Cancer screening: An illustrated story
As a fourth-year medical student and pathology fellow, Nick Love, PhD, grew enchanted by corpora amylacea, small masses within the prostate glands that he saw under the microscope. When dyed in bright colors, they look a little like lopsided tree rings, with a series of concentric lines.
Love had recently returned from vacation in Cambodia, where he biked around Angkor Wat, reveling in its artistry. “I was inspired by the beauty of those temples, the detail in the carvings,” he said.
With Angkor Wat’s artistic mastery still fresh in his mind, he decided to use the corpora amylacea to tell a medical narrative. “I wanted to turn them into a story about a patient based on many of the patient charts I’d been reading,” he said.
Love’s grandfather had died of prostate cancer, so he understood on a personal level the benefits of screening. At the same time, he realized that screening is costly and presents its own risks such as infection, impotence or urinary complications.
In Love’s 21-page story, a patient, Mr. P, has a friend who was recently diagnosed with prostate cancer, and he’s worried he may have it too. He undergoes a series of increasingly invasive, and expensive, procedures. Ultimately, Mr. P is OK, but Love adds an alternate ending in which Mr. P, though free of cancer, dies from sepsis due to a prostate biopsy.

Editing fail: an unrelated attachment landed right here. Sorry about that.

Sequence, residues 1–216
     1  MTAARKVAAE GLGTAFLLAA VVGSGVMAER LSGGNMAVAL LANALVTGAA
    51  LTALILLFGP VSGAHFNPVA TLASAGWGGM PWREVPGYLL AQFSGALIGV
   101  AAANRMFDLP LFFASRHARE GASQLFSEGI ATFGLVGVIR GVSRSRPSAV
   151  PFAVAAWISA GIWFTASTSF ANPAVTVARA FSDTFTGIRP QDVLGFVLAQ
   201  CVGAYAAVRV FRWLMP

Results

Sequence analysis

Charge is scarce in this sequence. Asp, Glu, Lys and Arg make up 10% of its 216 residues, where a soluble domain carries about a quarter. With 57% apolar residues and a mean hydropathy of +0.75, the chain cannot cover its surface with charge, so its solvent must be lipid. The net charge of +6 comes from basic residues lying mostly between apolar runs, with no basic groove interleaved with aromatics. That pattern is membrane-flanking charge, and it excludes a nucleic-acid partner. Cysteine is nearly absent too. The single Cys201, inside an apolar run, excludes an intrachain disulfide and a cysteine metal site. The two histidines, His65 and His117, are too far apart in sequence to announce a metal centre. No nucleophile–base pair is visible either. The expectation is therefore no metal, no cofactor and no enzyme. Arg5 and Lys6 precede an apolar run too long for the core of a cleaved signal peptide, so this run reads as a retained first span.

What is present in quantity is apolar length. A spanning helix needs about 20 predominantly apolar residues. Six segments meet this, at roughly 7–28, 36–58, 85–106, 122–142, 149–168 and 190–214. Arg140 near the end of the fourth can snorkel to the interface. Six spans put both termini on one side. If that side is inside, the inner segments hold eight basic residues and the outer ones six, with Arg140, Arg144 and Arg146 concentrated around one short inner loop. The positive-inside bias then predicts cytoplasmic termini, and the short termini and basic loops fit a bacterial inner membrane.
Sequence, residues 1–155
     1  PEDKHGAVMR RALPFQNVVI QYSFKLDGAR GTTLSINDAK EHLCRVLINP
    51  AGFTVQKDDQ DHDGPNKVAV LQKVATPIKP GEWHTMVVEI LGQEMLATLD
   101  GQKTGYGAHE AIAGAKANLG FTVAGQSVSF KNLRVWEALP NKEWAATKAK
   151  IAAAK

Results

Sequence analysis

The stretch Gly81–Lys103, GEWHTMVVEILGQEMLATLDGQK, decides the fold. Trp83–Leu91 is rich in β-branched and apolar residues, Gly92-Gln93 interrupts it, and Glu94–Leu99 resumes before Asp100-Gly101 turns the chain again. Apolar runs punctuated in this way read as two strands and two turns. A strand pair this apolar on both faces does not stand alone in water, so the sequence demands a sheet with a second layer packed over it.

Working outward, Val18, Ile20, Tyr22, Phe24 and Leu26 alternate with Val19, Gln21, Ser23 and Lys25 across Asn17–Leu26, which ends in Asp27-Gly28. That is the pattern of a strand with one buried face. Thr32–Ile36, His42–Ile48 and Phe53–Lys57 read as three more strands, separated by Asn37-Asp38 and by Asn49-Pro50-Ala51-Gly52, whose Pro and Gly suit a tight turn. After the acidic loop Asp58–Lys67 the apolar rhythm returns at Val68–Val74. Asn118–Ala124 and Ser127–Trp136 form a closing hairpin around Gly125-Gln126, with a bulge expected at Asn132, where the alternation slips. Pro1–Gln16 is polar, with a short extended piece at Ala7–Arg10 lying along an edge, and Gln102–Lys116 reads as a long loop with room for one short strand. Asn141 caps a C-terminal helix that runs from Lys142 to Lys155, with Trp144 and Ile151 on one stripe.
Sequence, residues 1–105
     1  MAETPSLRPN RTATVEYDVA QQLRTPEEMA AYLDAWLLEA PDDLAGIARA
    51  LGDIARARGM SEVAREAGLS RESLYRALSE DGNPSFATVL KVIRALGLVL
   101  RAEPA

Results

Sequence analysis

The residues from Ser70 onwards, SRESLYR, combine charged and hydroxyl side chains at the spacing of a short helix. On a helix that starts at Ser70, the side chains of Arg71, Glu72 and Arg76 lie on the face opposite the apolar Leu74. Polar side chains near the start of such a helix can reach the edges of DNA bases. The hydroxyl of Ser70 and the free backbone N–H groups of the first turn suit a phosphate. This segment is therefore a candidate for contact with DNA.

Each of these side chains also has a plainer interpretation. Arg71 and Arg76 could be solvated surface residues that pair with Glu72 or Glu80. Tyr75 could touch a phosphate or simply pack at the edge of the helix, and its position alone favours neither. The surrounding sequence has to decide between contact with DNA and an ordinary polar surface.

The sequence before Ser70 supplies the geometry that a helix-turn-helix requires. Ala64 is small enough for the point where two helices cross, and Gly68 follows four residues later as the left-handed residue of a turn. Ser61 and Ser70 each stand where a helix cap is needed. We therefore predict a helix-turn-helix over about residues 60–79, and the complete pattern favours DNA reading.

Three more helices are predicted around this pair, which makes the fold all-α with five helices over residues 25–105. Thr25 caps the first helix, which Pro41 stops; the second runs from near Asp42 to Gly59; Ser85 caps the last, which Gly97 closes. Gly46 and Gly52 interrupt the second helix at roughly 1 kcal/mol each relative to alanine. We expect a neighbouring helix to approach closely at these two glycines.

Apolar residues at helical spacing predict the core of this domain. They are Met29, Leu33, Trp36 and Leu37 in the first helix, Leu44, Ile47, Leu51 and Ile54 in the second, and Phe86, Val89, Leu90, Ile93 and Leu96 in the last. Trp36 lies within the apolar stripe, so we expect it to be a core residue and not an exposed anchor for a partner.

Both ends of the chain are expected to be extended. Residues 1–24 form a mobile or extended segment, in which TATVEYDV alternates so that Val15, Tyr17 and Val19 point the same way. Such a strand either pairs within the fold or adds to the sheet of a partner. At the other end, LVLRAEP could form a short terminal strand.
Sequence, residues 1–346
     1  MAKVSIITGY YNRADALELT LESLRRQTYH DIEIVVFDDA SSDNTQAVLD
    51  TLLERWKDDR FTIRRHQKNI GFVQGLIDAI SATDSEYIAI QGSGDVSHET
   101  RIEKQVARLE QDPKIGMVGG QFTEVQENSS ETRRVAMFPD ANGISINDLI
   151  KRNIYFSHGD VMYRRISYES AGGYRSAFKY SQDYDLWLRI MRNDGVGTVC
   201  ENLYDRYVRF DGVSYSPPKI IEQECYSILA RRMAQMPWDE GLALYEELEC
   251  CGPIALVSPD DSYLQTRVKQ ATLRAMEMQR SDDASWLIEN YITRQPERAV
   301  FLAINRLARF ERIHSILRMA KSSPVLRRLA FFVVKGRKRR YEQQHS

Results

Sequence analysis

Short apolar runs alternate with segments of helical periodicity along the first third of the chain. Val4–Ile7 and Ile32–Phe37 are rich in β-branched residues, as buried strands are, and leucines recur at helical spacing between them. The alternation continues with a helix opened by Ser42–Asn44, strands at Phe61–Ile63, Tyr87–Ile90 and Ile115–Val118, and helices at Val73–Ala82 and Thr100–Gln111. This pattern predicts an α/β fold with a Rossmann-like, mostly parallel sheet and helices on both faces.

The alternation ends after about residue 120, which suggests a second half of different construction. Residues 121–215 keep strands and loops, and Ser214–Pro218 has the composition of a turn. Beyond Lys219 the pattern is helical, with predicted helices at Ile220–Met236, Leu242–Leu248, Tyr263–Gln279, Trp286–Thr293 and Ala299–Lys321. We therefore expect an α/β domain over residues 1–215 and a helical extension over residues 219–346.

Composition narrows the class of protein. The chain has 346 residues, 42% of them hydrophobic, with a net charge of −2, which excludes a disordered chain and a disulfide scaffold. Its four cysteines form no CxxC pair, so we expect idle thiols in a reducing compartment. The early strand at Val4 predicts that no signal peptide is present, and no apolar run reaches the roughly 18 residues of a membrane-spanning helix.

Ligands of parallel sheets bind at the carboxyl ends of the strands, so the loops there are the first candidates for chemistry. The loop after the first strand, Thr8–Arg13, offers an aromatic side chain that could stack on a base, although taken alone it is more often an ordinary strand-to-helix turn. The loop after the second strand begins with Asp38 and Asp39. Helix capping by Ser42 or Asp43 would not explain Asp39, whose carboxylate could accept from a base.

Love incorporated prints of dyed corpora amylacea — the little gems found in prostate glands — as a border on each page. He also included images, some of them doctored Love family photographs, illustrating the text: One page features cutaway images of Mr. P’s head with elephants inside, signifying the mental anguish that confusing diagnostic results can bring.
When he entered it in the John Conley Art of Medicine contest, he won, securing $5,000 — money he plans to use to pay off student loans. “Corpora amylacea: An illustrated narrative addressing the risks, benefits, and conundrum of cancer screening,” was published in the February issue of AMA Journal of Ethics.
Love has produced numerous works of art during his time at Stanford School of Medicine such as a series of medical mnemonics and creations celebrating Frankenstein. He has also illustrated a medical textbook.
Love is pursuing a residency in dermatology and said he plans to keep producing art while practicing medicine. “I feel like this is going to be a lifetime pursuit,” he said.
Illustrations by Nick Love
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